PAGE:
HI Cliff. The whole logic/ProTools debate is a very big minefield. At the moment, from my experience, it would be very hard to use logic without any sighted assistance, as there is just not enough voice-over support in the main windows. I have written a small explanation of how I see the accessibility in logic to be at the moment which will be part of my college project, and I will post this below. It is a sort of question and answer thing. As regards which to go for, then it is I suppose a matter of personal choice, however at the moment, I would say that for productivity, ProTools is more accessible, although I find it somewhat unintuitive at times. Yes, audio editing on ProTools is in my opinion quite hard to get your head around, and it relies a lot on keyboard shortcuts. However, the mixer I find to be quite easy to use. You have access to almost every control on each channel strip, volume fader, pan, inserts, sends, automation, I/O ETC. So in this regard, ProTools works better. This is what I have gathered from my work with the software. there is so much more to say about this which would be hard to put into words on here, and I'm sure that Kevin knows far more about it than me, I just don't want to give you any accidentally inaccurate information. Anyway, here is my piece on the accessibility of logic pro. These are just my findings, and there may not necessarily be completely accurate. How accessible is Logic Pro, and what are the issues and work arounds? At first glance, Logic pro appears to have a lot of accessibility issues. The main windows: the arrange, mixer, piano roll, hyper editor, score, and sample editor windows are all empty according to voice-over. To a first time user, this can be very off-putting, as it seems to preclude any sort of interaction with the user interface. The good thing about Logic pro, is that Apple have built in a comprehensive array of customisable key commands. This means that many of the actions that can be performed by a cited user, can also be performed using keyboard shortcuts. Most transport functions such as play, pause, record, go to start ETC can all be executed using the keyboard. Many keyboard shortcuts are window specific. For example, the left and right arrow keys in the arrange and mixer window select the previous/next regions within the same track, whereas in the piano roll window these keys select the previous/next midi events. This can be very useful, however you should always be aware of which window you are in and what keys are specific to that window. Most of the other controls outside of the main logic windows are accessible. For example the option menus within the piano roll window, (edit, functions and view) are all accessible as they are standard UI controls. When creating a new track the library appears, which lists every audio and MIDI instrument, preset or plug-in available to the user. This is a standard column browser, meaning that it is inherently accessible, although there are a few small bugs to do with voice over curser tracking. After selecting an instrument or audio plug-in, it appears in the arrange window. As this window is not accessible to voice over, it appears to be impossible to open the plug-in window with out assistance, and there doesn’t yet seem to be a workaround for this, as there is no key command to do this either. After opening any plug-in window, you are presented with the editor view. This is a graphical user interface showing all the plug-in parameters. Unfortunately, this is also in accessible to voice-over in its standard form. The good news is, Apple have built in an alternative view into every plug-in window. This is called the controls view, and can be accessed through the view menu in the plug-in window toolbar. This view presents every possible parameter as a name label, a text field where a number can be entered, followed by a slider which can be used to adjust the parameter’s value. This is a fairly efficient work around, however in certain plug-ins such as the Ultrabeat drum machine, and some synthesisers, where more than 500 controls are present, there is a significant lag in voice over’s speech, and occasionally, voice-over can become unresponsive and course the application to crash. If you explore the screen using the trackpad, and drag your finger down the left side of the screen encountering each control one after another, then this lag is not present; and this is a much faster way of accessing all the parameters. Also, if you know the name of the control you’re looking for, press control+option+F to perform a voice-over search and type in the name of the control and search for it. This will jump you to the control straight away, no matter where it is in the plug-in window. As mentioned above, keyboard shortcuts can be used quite effectively to access many controls with in logic. This is most useful in the piano roll, where the left and right arrow keys jump you between each note in a MIDI region, and play these as you select them. Holding the shift key down whilst pressing the left or right arrow key will select each event in the direction you’re going. The up or down arrows on their own will move you between tracks, And holding the option key and pressing the up or down arrow, will transpose the selected note up or down by a semitone. Lots of other key commands can be customised for adjusting the note length and position, note deletion, and other actions. Of course, keyboard shortcuts are not the answer to everything, and you cannot adjust mixer controls such as Pan, volume, effects, or add inserts or sends to tracks. To do this, you need something like a tactile control surface such as the Korg nano control 2, the Behringer bcf2000 or the novation SL49MKII automap MIDI controller, which will make your life much easier working with logic, although it is not perfect by any means. Why could these issues be occurring? As regards the issue of the main windows not being accessible, this is most probably dew to them being written in a non-standard programming language. This means that voice-over is unable to recognise any of the controls within these areas as they are not in a Standard coding. The Editor view in plugging Windows has a very graphical and visually orientated interface, meaning that it would inherently not be accessible. It is therefore good that Apple have chosen to include the controls view as an alternative, which whilst not a perfect solution, is certainly usable. hope this helps a bit. Chris :-)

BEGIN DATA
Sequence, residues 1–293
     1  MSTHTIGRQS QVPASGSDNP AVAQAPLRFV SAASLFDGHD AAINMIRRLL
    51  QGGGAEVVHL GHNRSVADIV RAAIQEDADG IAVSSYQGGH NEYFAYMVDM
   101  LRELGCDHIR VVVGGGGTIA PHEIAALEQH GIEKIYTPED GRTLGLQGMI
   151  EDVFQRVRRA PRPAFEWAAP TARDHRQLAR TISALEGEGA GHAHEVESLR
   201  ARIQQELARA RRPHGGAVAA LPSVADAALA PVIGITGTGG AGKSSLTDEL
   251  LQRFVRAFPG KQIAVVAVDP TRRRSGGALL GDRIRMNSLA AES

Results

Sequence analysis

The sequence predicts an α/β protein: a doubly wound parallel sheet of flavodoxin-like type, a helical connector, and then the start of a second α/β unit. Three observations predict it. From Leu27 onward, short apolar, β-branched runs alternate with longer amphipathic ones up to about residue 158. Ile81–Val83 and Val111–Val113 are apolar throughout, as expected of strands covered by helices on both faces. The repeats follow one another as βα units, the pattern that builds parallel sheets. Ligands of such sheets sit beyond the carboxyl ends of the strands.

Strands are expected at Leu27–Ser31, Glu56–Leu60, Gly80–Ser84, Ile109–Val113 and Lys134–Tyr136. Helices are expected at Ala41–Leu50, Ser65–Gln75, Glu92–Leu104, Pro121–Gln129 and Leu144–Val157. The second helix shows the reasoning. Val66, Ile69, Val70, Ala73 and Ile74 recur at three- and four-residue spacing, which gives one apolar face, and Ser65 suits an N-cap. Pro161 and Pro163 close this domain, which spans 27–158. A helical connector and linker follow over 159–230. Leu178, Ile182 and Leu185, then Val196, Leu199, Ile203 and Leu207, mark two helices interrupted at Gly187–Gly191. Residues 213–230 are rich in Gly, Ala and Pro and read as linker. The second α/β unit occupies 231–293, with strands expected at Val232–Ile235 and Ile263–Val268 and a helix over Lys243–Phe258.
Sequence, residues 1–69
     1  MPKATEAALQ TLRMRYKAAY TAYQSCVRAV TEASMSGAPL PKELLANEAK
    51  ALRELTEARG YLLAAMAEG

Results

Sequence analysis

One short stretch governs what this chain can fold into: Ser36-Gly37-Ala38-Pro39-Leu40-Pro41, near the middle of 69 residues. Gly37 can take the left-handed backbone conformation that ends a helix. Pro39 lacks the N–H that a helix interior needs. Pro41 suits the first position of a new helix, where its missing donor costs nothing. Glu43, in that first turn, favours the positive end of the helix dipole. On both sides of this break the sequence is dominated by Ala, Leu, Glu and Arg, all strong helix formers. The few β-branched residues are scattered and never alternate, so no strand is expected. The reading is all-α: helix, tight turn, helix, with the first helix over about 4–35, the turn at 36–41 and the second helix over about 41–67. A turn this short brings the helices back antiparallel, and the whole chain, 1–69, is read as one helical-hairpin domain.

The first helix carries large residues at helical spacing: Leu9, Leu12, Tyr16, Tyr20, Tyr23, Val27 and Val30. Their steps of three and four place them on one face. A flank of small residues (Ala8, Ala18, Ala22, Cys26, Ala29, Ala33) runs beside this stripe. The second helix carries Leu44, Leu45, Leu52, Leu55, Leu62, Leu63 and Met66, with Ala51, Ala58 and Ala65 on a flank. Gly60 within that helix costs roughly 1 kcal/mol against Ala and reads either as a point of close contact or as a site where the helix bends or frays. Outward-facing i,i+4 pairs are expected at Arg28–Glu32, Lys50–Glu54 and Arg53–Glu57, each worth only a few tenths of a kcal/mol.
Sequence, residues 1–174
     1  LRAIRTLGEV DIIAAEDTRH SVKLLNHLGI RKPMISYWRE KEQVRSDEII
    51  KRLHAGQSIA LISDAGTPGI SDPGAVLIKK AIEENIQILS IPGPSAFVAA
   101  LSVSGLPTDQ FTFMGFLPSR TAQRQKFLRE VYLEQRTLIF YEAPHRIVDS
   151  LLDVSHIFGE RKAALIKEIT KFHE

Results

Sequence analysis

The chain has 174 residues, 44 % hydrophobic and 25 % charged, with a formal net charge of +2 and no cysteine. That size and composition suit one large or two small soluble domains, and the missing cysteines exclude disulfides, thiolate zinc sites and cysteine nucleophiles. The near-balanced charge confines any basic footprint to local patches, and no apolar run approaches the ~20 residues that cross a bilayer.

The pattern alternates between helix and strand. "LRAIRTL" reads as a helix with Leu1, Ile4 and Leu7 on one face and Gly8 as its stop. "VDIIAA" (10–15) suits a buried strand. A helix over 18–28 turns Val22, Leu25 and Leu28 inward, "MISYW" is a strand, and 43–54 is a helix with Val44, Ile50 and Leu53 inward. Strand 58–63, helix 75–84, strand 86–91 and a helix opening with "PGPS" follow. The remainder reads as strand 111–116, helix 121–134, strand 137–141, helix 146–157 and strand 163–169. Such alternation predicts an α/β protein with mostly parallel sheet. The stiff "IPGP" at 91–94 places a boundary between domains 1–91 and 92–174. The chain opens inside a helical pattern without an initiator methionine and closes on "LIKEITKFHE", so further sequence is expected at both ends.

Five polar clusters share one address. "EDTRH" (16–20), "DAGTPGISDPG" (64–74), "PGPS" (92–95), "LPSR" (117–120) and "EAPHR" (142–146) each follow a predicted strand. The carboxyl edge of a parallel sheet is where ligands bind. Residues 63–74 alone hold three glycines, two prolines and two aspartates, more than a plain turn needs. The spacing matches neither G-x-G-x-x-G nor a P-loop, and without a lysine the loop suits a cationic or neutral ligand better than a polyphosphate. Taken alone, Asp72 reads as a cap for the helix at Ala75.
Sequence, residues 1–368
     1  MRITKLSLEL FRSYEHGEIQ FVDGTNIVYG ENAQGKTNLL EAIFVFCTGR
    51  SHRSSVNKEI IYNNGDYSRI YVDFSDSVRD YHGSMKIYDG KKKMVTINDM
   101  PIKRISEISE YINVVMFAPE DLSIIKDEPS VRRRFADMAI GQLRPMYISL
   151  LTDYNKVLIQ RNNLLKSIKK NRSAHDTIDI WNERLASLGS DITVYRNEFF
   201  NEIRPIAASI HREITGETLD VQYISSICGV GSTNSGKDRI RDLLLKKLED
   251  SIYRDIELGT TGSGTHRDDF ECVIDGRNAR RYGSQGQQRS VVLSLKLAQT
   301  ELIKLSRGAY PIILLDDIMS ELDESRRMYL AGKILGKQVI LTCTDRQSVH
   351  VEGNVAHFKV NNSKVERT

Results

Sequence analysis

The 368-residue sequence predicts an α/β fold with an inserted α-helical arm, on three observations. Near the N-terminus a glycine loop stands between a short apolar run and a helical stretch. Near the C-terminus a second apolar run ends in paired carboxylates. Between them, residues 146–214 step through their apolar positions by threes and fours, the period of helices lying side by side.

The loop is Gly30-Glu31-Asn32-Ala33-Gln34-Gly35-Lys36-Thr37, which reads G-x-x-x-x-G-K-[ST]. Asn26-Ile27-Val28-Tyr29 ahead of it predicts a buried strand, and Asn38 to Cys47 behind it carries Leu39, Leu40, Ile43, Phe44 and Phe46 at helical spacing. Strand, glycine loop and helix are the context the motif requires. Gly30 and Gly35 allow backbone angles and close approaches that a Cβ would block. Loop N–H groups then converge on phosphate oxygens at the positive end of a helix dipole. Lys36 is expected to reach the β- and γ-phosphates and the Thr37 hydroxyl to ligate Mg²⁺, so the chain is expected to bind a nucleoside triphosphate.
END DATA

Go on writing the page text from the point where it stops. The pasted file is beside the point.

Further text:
Hi again! Thank you so much for taking the time to post a very thorough reply! :) It seems like at the moment that protools is a much better choice for me when it comes to accessibility then... But I really like the part you wrote about using the arrow keys together with other keys to be able to edit MIDI events in logic. Don't think that is plainly possible to do in protools... Do so maybe one would want to use logic for MIDI recording and editing, and protools for the audio part and then somehow combine it into one project afterwards? Man, that sounds very inefficient to do.... Really wish there was a way of combining the accessibility benefits of each of the two software in to one superaccessible recording and producing software... I actually have a Novation MKII, but so far I haven't managed to figure out how to set it up in any way to make my life easier, but again, I'm still only using it with GarageBand, so maybe it will be more compatible and intuitive to use with either logic or protools. But what about things kind like filters, EQ and other pluggins in protools? Do you know if that is accessible with VO? And do you know if audio editing in protools is impossible to do or is it just that its a pain to learn all the keyboard shortcuts? If it can be done, I'll probably manage to get a grip on it after a while. Hmmm... Can't make up my mind to what I should go for... But are protools and logic the only real options to chose from when it comes to pro music production on the Mac? I guess they are... Especially when you need to do multi track recordings, and making music without that ability would be a complete waste of time... Tough one, this question...
Hi all. Thanks a lotfor all this great information in this topic. I am a total newbie when it comes to make music in any program, and I'm currently reading about the different choices which are accessible. What are the limitations in Garageband which is accessible? Why not just push this application to its limits? :) I have some great information which you might find useful: If you wanna buy all the old jam packs Apple have made, you can buy Main stage from the app store, and then download all extra jam packs, loops and sounds for free in Main stage. I haven't purchased Main stage yet because I would like to get some experience in Garageband before I do that, but I'll say that would be worth it, also if Main stage is totally inaccessible. Any thoughts?
Hi. I have pushed garage band to it's limits many many times, and it does have several annoying limitations. MainStage is not totally inaccessible but it needs several unusual work arounds, but I can currently do more with mainstage interns of the mixer and plugins than I can with logic. I have used it live as well and made my own concert sett ups and it has works quite well. I shall go into detail about the limits of garage band and the accessibility of MainStage later when I have more time. Thanks, Chris :).